Susan Ogilvy introduces her unusual obsession: painting bird nests. It started almost by accident – while tidying up her garden after a storm, she found a chaffinch nest. She carried it inside and, as the water drained out of it, the sodden lump blossomed into a mossy jewel. She was amazed, and dropped everything to make a painting of the nest.
Ogilvy has since painted more than fifty bird nests from life, each time marvelling at its ingenious construction. Every species of bird has its own vernacular, but sources its materials – most commonly twigs, roots, grasses, reeds, leaves, moss, lichen, hair, feathers and cobwebs, less usually, mattress stuffing and string – according to local availability.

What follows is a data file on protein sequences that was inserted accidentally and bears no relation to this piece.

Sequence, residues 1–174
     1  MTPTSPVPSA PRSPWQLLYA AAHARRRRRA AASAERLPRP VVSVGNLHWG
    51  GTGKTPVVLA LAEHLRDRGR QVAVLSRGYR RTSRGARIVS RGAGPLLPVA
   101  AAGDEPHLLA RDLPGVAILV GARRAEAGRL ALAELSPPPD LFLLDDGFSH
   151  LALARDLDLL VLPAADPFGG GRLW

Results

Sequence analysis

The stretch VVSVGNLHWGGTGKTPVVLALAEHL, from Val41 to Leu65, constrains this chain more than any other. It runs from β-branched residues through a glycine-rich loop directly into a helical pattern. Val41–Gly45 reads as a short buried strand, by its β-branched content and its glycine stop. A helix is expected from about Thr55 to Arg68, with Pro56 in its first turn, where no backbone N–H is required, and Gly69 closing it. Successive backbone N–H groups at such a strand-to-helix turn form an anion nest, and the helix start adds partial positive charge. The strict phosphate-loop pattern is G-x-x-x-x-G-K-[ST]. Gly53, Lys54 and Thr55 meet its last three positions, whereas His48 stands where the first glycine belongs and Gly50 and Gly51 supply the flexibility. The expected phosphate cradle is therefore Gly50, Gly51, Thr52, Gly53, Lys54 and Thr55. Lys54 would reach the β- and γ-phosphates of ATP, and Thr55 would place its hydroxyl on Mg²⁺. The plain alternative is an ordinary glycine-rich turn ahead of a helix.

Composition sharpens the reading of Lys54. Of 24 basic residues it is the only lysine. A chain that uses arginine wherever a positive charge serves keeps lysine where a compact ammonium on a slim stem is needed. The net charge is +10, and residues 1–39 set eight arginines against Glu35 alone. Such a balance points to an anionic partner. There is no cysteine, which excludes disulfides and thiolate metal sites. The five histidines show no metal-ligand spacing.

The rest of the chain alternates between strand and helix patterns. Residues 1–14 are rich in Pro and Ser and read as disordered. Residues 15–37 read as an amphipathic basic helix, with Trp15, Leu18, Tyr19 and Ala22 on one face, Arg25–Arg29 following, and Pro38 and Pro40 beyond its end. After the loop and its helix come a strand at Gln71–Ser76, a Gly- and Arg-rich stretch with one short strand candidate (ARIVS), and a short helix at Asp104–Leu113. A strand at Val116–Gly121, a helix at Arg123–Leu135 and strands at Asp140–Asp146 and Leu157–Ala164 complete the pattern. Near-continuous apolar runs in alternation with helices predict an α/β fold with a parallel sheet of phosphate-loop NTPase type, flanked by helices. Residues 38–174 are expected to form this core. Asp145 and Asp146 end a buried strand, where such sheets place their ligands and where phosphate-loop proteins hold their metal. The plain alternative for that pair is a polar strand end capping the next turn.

Ogilvy’s work has been shown at the Ashmolean Museum, Oxford, the Smithsonian Institute, Washington, and the Kew Garden Gallery, London, amongst other places; it is included in several public and private collections, including Dr Shirley Sherwood's world-renowned collection of contemporary botanical paintings.